Pemphigus is an autoimmune disease that is evidenced by raw and blistering sores on your mucous membranes and skin. Pemphigus is associated sometimes with the use of Penicillamine. This is a drug that is used in the treatment of Wilson’s disease, rheumatoid arthritis and scleroderma.
There are three forms of pemphigus that vary in severity. They are pemphigus vulgaris, paraneoplastic pemphigus and pemphigus foliaceus.
Pemphigus foliaceus is a blistering disease of your skin. It is marked by characteristic lesions that are scaly, crusted erosions. They are often located on an erythematous (redness of the skin) base. No clinically apparent mucosal involvement is present even with widespread disease.
Pemphigus foliaceus occurs when antibodies from your autoimmune system attack proteins that are called desmogleins. These proteins bind your skin cells to each other. When this happens, cells in your epidermis (the top layer of your skin) are separated and blisters form.
Pemphigus foliaceus is the least severe form of pemphigus. It is more common than paraneoplastic pemphigus, but it is not as common as pemphigus vulgaris.
Pemphigus foliaceus can develop in anyone at any age. However, this disease occurs most frequently in people who are elderly and middle aged. It is rare in children. Pemphigus foliaceus occurs most often in people who are of Middle Eastern, Jewish or Mediterranean descent.
The specific cause of pemphigus foliaceus is not known. As mentioned at the beginning, pemphigus foliaceus is considered to be an autoimmune disease. An autoimmune disease is one where for some unknown reason your body’s autoimmune system mistakenly attacks the cells and tissues of your own body. In the case of pemphigus foliaceus, your autoimmune system sends antibodies to attack your desmogleins, the proteins that bind your skin cells to each other.
The signs and symptoms that you experience with pemphigus foliaceus usually begin with blisters that form on your face and scalp. This is usually followed later on by blisters that erupt on your back and chest. These blisters are usually itchy and crusty, but they are not normally painful.
The blisters caused by pemphigus foliaceus do not usually affect your mucous membranes. These blisters may rupture and leave open sores. If this happens, they may ooze and become infected.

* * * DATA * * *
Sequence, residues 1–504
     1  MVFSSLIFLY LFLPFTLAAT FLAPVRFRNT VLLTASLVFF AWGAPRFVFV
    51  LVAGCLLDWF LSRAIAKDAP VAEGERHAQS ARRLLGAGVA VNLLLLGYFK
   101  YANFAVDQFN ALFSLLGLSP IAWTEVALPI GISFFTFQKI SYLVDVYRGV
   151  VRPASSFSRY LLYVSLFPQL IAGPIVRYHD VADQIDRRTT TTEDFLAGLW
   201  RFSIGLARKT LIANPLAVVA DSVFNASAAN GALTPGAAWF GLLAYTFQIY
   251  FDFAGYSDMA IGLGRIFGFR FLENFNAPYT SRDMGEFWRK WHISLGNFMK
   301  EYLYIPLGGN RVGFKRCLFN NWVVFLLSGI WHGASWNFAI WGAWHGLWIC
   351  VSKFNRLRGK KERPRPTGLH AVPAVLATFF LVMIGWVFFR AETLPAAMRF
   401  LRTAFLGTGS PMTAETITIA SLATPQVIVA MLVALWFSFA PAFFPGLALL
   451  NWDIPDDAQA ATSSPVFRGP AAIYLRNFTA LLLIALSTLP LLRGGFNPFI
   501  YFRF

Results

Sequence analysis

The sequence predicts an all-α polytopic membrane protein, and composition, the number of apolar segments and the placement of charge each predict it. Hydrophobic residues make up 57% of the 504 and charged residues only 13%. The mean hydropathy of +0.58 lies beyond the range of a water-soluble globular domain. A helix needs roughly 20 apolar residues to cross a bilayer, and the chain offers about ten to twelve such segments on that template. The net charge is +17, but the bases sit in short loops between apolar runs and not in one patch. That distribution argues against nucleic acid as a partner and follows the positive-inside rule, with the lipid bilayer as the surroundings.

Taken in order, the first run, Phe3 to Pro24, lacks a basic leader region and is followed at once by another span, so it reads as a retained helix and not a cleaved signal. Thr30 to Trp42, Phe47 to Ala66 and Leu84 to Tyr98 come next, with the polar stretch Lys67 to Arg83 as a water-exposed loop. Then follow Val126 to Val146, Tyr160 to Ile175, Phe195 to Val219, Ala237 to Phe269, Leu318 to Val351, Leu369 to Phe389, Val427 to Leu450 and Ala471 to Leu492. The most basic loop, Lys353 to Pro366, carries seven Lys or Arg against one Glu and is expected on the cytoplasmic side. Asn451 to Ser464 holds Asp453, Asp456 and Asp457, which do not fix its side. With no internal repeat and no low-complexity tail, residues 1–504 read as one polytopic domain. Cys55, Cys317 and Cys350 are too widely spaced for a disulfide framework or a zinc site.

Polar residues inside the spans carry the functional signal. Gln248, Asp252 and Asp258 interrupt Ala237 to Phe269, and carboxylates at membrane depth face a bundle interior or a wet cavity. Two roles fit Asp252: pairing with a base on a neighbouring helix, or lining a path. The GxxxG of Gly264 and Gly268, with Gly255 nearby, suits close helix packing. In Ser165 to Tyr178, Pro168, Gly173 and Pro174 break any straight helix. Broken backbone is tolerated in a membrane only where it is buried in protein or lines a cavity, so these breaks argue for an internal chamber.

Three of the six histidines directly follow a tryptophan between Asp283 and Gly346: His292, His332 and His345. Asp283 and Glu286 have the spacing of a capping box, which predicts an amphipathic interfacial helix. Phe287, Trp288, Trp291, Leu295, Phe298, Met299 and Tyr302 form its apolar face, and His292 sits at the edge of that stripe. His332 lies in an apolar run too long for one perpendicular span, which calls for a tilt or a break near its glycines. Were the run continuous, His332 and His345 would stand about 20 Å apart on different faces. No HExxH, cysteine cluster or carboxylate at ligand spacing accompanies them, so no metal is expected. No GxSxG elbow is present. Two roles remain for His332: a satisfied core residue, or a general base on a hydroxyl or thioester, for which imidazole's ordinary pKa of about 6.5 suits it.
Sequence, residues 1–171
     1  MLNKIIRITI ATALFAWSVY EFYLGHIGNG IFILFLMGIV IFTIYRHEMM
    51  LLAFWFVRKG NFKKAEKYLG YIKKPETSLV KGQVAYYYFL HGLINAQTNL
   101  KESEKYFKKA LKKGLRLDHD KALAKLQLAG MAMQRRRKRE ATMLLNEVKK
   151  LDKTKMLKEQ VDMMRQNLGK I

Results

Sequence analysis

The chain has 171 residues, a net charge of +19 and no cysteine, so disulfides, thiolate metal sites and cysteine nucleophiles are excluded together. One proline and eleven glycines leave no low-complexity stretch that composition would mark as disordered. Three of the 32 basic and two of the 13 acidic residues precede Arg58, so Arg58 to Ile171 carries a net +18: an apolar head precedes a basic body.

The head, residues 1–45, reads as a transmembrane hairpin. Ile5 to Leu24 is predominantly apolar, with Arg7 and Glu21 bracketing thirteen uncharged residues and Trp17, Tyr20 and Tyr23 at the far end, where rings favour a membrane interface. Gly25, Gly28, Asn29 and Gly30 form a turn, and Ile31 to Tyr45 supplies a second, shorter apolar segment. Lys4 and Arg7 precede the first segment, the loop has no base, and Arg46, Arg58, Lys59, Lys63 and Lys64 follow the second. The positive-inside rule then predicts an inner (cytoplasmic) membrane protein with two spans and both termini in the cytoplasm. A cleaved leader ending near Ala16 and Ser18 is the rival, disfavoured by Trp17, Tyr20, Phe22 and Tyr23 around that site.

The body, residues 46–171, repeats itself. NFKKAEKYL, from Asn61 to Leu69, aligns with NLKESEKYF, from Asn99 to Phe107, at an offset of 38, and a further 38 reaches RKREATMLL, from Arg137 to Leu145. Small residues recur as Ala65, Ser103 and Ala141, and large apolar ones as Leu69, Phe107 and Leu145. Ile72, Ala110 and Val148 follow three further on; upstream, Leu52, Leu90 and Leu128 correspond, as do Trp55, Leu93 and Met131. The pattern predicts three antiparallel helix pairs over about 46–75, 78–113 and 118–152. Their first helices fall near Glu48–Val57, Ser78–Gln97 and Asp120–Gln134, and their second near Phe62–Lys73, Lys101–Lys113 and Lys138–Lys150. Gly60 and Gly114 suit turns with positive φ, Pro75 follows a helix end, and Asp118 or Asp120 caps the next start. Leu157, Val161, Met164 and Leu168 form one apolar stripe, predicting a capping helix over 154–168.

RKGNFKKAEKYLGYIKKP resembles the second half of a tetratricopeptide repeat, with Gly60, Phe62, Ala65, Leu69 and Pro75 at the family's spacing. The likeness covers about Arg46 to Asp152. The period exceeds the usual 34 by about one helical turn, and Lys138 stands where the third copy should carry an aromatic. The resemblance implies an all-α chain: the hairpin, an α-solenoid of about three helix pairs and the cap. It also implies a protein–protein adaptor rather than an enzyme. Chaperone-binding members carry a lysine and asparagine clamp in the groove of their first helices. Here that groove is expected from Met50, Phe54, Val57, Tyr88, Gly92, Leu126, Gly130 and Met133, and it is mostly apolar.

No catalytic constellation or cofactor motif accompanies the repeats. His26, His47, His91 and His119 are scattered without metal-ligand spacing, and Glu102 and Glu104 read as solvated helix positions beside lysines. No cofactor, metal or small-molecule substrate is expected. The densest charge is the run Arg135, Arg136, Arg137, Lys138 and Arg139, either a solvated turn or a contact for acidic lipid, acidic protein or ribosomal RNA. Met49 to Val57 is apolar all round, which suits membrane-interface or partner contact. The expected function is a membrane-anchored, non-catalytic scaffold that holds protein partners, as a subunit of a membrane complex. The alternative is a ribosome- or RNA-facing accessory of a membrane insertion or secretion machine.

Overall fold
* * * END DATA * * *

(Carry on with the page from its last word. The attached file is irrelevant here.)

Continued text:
You or a loved one may be afflicted with pemphigus foliaceus. Pemphigus foliaceus and/or complications that have arisen from it or other ailments that you have besides this disease may have led to the disability of you or your loved one and be the reason why you are not able to work.
If this is the case, you may need assistance. You may need financial help.
You or your loved one may have decided to apply for the financial assistance that you need from the Social Security Administration by applying for Social Security disability benefits or disability benefits because of the disability that has resulted from pemphigus foliaceus and/or complications that have arisen from it or other ailments that you have besides this disease. You may have already applied and been denied by the Social Security Administration.
If you or your loved one is intending to reapply or appeal the denial, here is a crucial fact that you really ought to think carefully about that you may not be aware of. The fact is that people who have a disability lawyer on their side like the one you will find at disabilitycasereview.com are approved more often than people who are not represented by a disability attorney.
Please do not delay, but act now. This is something that could mean so much to you or your loved one. Contact the disability lawyer at disabilitycasereview.com, today.